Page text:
first waterbank school by PITCHafrica opens in kenya first waterbank school by PITCHafrica opens in kenya
dec 11, 2012

first waterbank school by PITCHafrica opens in kenya

‘waterbank school’ by PITCHafrica, kenya, africaimage © PITCHafrica




water shortage is increasingly becoming a very real problem in semi-arid regions of the world, directly affecting not only health but societal life as well. british architects jane harrison and david turnbill from atopia research worked closely with american organization PITCHafrica in collaboration with the zeits foundation, an african NGO, are revolutionizing the well-being of entire communities by opening the first ‘waterbank school’ near ngare nyiro in kenya. the educational facility introduces many new ideas to the region and is expected to be reproduced all over the continent and eventually the world, providing an alternative to the current infrastructure surrounding water scarcity.


the establishment will collect water, filter and store it on site, assuring that every child has access to five liters per day. it may not seem like a significant amount, but this means that children who usually spend hours collecting water for their families, namely the girls, will now be able to spend that time at school, learning about the vital skills necessary to go on and build healthier happier communities. the project will also expand, with a water dormitory and sanitation center planned to be built next year.

masonry wall exteriorimage © PITCHafrica




the region has an average rainfall of 60 cm per year, 30 cm more than the minimal requirement for the school to be effective. the traditional rectangular footprint for this scope of project was traded for the circle, with a 600 m2 roof water catchment system. four indoor/outdoor classrooms with the capacity for 50-60 students, vegetable gardens, four teachers’ rooms, a community space, workshop and theater are organized around a central square courtyard that contains below it a 150,000 water cistern with integrated filtration system.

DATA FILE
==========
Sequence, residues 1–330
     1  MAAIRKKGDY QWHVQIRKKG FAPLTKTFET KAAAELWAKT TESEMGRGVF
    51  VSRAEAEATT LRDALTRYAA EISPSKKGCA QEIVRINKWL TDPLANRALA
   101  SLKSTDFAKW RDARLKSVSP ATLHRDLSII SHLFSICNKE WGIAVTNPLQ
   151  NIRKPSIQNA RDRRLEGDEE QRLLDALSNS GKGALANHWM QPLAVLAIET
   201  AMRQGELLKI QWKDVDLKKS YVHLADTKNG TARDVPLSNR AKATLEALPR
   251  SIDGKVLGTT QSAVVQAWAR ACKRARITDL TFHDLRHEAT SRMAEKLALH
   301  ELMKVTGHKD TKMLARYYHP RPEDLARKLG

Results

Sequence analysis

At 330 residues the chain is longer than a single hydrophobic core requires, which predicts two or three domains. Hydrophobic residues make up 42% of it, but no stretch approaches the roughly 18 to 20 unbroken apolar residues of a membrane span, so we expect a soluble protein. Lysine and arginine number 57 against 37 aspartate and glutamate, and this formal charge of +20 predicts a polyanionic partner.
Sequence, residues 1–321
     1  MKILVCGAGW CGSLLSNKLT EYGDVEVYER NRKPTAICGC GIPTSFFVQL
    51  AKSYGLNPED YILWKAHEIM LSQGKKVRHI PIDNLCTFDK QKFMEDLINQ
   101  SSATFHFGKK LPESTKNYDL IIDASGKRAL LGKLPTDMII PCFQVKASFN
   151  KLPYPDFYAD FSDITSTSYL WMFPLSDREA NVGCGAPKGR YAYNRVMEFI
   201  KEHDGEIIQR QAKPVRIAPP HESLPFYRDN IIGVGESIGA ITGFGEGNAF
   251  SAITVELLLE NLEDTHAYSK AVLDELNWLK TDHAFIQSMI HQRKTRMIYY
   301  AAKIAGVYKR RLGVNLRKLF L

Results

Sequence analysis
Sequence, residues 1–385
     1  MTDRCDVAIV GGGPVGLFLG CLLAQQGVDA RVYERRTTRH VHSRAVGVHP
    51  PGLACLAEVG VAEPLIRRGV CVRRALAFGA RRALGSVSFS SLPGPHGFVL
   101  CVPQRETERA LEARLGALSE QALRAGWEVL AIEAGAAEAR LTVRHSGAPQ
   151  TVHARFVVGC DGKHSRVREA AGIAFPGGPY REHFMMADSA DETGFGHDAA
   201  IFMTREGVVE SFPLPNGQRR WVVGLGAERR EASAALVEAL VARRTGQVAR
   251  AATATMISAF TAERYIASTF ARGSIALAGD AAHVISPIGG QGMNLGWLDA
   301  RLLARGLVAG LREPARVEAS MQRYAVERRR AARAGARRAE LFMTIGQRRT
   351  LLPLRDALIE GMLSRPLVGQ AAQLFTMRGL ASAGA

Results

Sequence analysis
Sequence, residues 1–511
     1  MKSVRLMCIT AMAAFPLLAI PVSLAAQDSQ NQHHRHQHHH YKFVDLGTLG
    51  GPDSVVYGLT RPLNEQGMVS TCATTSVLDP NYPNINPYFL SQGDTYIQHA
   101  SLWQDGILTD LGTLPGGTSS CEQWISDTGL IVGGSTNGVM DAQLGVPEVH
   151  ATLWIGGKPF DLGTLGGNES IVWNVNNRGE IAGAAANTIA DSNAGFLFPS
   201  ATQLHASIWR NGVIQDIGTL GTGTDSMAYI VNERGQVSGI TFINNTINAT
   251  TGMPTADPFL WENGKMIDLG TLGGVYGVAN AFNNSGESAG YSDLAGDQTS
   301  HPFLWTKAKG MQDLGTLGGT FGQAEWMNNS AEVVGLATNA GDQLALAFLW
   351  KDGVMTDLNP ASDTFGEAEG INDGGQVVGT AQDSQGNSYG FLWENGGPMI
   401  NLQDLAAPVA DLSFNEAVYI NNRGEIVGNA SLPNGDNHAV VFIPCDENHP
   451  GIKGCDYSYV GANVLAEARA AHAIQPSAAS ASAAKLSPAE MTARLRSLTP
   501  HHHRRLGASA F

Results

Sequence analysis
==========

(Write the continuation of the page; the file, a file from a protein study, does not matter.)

the structure was built by local labor and uses a cast-in-place concrete frame infilled with brick masonry walls, all sourced from local materials. the wood truss roof inclines towards the middle, with a corrugated metal skin whose grooves guide the water to the reservoir tank. the thick mass of the construction helps regulate temperature with the help of equally spaced horizontal timber louvers, and the native materials integrate the building seamlessly into the landscape. 

opening day ceremoniesimage © PITCHafrica

the community gathers to visit the new schoolimage © PITCHafrica

interior courtyard with the water reservoir underneathimage © PITCHafrica

wood truss roof creates a tall space for heat to be ventilated outimage © PITCHafrica

central courtyard with wooden louvers controlling direct sunlightimage © PITCHafrica

entrance with a flat section doubling as a theater backdropimage © PITCHafrica

entryimage © PITCHafrica

construction of the water cisternimage © PITCHafrica

outer masonry wallimage © PITCHafrica

concrete primary structure and wood secondary structureimage © PITCHafrica

wooden truss and joists make up the roofimage © PITCHafrica

  • excellent piece of work all around

    dbkii says:

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